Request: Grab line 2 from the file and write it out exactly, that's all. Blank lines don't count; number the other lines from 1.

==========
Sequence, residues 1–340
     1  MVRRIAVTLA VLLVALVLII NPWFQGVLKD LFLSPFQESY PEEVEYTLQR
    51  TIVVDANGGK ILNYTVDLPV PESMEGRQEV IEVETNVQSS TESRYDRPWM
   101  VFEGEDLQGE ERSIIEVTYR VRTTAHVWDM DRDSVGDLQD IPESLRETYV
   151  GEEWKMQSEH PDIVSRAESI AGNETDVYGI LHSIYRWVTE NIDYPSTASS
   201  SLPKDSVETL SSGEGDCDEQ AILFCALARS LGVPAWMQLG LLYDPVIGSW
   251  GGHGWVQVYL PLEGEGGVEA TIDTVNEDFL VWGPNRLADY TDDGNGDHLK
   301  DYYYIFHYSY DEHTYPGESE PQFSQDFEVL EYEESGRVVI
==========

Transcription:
     1  MVRRIAVTLA VLLVALVLII NPWFQGVLKD LFLSPFQESY PEEVEYTLQR